Three researchers at MIT, for example, found that Voatz’s system failed to meet essential requirements of voting, including a way to prove votes were cast as intended, a method of protecting voter privacy, and the ability to preventing voters from revealing how they voted. By reverse-engineering the Voatz Android application and creating their own server, the MIT researchers found a handful of high-severity vulnerabilities.
If Voatz’s legal gambit pays off, such research will be much harder, if not impossible, to conduct in the future, says Michael Specter, a final-year PhD candidate focused on system security at the Massachusetts Institute of Technology and one of the authors of the research paper.
“I am incredibly privileged. I am a security researcher at a great university that has resources, including legal representation that helps guide me down the right path,” he says. “Without the support we got from [our] cyberlaw clinic, this research would never have seen the light of day. I have no idea how someone without that support, without a legal team, would be able to get a positive resolution.”
Voatz has taken a more conciliatory approach since filing the brief, claiming that another friend-of-the-court brief issued by the Electronic Frontier Foundation and security firms on July 8 had inaccuracies that needed to be corrected.
“We’re not advocating to limit anyone’s freedom – we’re saying it’s difficult to distinguish between good and bad faith attacks in the midst of a live election,” the company said in a statement sent to Dark Reading. “For everyone’s sake, it’s better to work collaboratively with the organization as bad actors disguise themselves as good actors on a regular basis.”
Yet, Voatz did not address its attempt to address its downplaying of vulnerabilities uncovered by MIT researchers or those found by Trail of Bits – a security consultancy hired by Voatz and Tusk Philanthropies, which promoted the Voatz system – to audit the election software.
The verdict from the research: The company’s code has major and possibly unfixable security issues and the inclusion of “blockchain” technology — a hot marketing term — has no real utility as a security measure in the technology, says Dan Guido, co-founder and CEO of Trail of Bits, who had complete access to the source code of Voatz’s Core Server. In a report published in March, the security company not only vindicated the MIT research report, but also found a total of 79 issues, a third of which were high severity.
Despite Trail of Bits informing two of Voatz’s executives that the MIT findings were valid, Voatz posted a blog post in February attacking the researchers’ efforts, Guido says. He decided to speak up about Voatz’s tactics after seeing how they ignored both the MIT findings and his own company’s report. In an interview, he roundly criticized the firm, saying “they should not be in this industry,” a marked difference from the tone of the report. “When I found out that Voatz was addressing these issues by attacking the people who were reporting the issues, and they are misrepresenting the code review in their Amicus brief, I had to speak up,” Guido says. “I think Voatz is actively harmful to the security of elections and to other election vendors.”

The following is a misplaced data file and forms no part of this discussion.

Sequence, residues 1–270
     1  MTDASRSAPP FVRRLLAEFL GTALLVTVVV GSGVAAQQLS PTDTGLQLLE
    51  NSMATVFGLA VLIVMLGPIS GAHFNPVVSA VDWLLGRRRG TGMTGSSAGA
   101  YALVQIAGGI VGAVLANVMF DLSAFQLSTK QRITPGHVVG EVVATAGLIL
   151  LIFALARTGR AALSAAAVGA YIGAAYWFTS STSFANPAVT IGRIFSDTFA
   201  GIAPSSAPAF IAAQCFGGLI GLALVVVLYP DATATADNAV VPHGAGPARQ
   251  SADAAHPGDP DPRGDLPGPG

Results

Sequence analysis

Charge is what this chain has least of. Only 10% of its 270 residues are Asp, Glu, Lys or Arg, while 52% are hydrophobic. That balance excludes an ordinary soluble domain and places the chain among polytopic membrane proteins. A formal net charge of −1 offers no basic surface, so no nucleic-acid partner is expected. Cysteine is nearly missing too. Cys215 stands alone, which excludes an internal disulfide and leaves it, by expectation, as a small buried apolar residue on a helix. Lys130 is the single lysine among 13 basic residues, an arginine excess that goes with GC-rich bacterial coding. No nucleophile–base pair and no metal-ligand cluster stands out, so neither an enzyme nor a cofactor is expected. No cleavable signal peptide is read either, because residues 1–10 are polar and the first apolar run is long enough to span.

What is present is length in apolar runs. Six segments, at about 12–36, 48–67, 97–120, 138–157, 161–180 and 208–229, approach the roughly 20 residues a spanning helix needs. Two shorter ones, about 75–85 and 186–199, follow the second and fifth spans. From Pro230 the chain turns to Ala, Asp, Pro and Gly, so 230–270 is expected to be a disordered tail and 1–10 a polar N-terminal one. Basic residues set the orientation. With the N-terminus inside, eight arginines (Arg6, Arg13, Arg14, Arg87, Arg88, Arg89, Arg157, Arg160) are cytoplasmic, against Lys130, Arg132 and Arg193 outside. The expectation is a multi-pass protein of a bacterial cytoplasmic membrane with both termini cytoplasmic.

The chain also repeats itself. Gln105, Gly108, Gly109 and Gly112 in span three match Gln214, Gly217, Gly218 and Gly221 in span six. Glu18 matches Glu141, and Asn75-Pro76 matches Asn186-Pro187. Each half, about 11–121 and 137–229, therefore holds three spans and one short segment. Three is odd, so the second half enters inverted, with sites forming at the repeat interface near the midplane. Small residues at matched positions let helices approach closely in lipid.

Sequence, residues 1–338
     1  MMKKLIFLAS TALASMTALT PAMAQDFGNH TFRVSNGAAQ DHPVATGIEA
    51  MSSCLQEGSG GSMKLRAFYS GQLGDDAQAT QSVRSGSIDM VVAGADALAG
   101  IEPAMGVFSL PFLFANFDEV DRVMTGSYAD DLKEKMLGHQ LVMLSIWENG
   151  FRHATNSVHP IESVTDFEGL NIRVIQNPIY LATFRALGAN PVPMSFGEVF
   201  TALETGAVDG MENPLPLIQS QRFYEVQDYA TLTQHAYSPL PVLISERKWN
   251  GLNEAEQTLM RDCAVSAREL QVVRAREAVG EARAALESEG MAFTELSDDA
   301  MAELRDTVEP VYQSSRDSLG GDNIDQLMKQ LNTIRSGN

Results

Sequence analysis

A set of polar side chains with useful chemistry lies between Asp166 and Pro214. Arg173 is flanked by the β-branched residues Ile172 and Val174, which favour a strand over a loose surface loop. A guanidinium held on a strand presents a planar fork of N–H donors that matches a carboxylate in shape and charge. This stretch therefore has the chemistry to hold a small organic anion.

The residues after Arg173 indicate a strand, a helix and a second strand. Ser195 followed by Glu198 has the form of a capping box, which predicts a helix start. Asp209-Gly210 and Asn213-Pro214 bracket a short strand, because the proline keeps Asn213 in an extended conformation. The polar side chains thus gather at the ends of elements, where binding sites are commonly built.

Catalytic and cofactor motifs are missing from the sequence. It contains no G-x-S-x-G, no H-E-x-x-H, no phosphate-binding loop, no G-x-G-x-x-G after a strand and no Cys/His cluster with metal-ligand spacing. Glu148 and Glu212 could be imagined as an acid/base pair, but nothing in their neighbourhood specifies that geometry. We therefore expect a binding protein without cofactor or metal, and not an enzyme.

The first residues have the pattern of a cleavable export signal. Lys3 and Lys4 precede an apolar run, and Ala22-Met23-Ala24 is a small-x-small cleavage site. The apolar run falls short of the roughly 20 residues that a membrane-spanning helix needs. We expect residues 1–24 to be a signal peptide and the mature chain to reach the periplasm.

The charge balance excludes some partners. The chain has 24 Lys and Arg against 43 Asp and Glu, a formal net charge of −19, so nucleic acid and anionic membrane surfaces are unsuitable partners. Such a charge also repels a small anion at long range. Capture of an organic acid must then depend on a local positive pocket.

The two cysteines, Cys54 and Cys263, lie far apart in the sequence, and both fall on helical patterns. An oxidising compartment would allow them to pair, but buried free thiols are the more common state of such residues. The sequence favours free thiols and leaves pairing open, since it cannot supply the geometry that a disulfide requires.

Trail of Bits is not the only company to part ways with Voatz. In March, HackerOne, a bug-bounty program services firm, jettisoned Voatz after the company withdrew any promise not to prosecute researchers — known in the industry as “safe harbor” agreements — from its bug bounty program. HackerOne had never dumped a client prior to Voatz.
If the US Supreme Court limits the application of the CFAA, that could end the cycle of legal threats by technology firms and naming-and-shaming tactics by security researchers that pop up every few years, says Alex Rice, chief technology officer of HackerOne.
“The naming and shaming has helped us advance in vulnerability research, but I don’t think this relationship between companies and security researchers could be said to be ‘working well,'” he says. “On the other hand, failing to follow a company’s restrictions to a ‘T’ should not be weaponized or criminalized to force compliance.”
Veteran technology journalist of more than 20 years. Former research engineer. Written for more than two dozen publications, including CNET News.com, Dark Reading, MIT’s Technology Review, Popular Science, and Wired News. Five awards for journalism, including Best Deadline … View Full Bio